Ariel was one of the first British composite clippers to be the only A-Clipper. It was built to serve London with Foochow in China at the time when the tea trade gave rise to fierce regattas. It was commissioned by the Shaw, Lowther, Maxton & Co of London at the Robert Steele & co yards of Greenock. Its hull was composite, with steel pairs and a teak deck. Its sail was innovative with the addition of an additional sail (usually the square headlights were 5 stories).

It measured 197.4 feet between perpendiculars (hull alone), which was about 60.16 meters long by 10.33 meters wide and measured 853 tonnes net in the register, and more than 1060 gross. 100 tons of steel ballast was added in its hull, to perfect its stability and to compensate for its high mast height. In October 1865 he was launched for his first major crossing to China (Gravesend-Hong Kong) and returned, under the command of Captain Keay in 79 days and 21 hours from pilot to pilot, or 83 anchorage Which was in itself a fine feat, and the following year, in 1866, he took part in the great tea race with other famous clippers, the Tapping, the Fiery Cross, and the Taitsing. He was famous for his very short defeat against the Taeping, who arrived 20 minutes before him at the London docks.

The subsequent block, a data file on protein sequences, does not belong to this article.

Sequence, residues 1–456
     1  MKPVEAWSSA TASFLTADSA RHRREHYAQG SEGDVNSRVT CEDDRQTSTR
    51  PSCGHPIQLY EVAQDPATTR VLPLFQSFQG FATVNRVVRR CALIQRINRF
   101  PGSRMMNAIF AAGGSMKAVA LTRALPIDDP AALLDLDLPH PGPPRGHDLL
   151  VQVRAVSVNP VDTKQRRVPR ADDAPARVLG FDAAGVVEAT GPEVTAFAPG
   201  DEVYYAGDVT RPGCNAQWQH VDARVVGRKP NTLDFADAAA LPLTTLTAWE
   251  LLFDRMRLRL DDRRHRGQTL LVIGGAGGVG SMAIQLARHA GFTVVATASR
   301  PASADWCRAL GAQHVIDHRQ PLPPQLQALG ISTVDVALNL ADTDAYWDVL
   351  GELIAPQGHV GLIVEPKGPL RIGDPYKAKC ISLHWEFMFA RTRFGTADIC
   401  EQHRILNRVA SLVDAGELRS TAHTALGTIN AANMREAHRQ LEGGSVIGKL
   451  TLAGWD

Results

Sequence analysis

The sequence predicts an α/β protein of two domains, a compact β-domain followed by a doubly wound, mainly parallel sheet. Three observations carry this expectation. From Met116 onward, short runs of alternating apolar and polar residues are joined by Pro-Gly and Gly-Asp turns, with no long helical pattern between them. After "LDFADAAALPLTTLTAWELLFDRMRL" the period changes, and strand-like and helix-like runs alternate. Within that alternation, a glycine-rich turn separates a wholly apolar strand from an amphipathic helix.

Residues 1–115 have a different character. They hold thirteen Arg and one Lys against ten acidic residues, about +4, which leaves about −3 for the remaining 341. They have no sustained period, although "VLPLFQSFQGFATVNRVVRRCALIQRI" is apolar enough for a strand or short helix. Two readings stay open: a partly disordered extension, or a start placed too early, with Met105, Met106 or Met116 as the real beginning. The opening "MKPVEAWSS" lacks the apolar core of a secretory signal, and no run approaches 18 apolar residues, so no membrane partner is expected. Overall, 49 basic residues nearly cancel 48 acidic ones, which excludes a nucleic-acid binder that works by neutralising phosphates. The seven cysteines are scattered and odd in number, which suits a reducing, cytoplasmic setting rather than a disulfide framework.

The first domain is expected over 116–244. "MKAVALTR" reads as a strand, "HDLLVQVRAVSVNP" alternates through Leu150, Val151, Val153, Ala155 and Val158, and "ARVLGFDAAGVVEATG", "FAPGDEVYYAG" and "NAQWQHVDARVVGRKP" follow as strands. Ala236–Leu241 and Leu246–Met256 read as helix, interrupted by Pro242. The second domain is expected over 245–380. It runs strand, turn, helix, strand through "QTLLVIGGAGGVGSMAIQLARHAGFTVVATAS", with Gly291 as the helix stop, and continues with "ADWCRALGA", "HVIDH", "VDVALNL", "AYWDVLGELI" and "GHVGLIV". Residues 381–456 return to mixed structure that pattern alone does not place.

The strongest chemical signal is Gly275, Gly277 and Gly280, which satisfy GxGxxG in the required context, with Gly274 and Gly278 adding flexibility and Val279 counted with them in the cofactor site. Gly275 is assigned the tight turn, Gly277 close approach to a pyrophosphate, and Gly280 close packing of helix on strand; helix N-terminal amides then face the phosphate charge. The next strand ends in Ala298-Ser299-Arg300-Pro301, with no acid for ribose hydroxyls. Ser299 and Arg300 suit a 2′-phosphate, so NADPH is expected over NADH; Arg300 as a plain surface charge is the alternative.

Ariel vs Taeping tea clippers race

The Ariel in 1868 (in the background), running against the Taeping back to England (img wiki ldd).

This was only the first of the confrontations between the two ships. The Ariel will take revenge two years later. In 1867 he was beaten for several hours by Sir Lancelot, unable to master the tea courses after another 99-day epic race from Foochow, passing as usual through the Cape of Good Hope. Finally, in 1868, the laurels fell to the point for the Ariel, who passed his long-time rival, the Taeping, one hour ahead of him, and the satisfaction of his shipowners who pocketed the gains plus 10 pounds tonne. Although wearing a larger sail area than the Taeping, the Ariel was known to be wider and less hydrodynamic than its conccurent. But the following year, in November, after 11 years of Pharaonic work, the suez canal was inaugurated. From then on, the great era of the tea races was over, and the Ariel, like many other clippers, lost its raison d'etre.

Its owners, however, found it a new occupation, with the trade of wool between Melbourne and London. Again, speed played a significant role, and because of a Panama channel, it was necessary to bypass South America via Cape Horn. On the other hand, only the return gave rise to competition, the going being done with heavy loads various. Australia, from penitentiary, turned into a colony. The last crossing was the Ariel, which began in 1872. Commanded by Captain Talbot, he left Sydney on 31 January, but never arrived in London. In August, there was a lifeboat with a lifejacket worn by a Ariel Gothic "A". It is assumed that the ship sank after passing the course of good hope, somewhere in the southern sea. One has never located his wreck and so the causes of his disappearance remain mysterious ... The fact that he transported only wool and not more wagon loads was also a reason for the lack of enthusiasm of wreck hunters At his place ...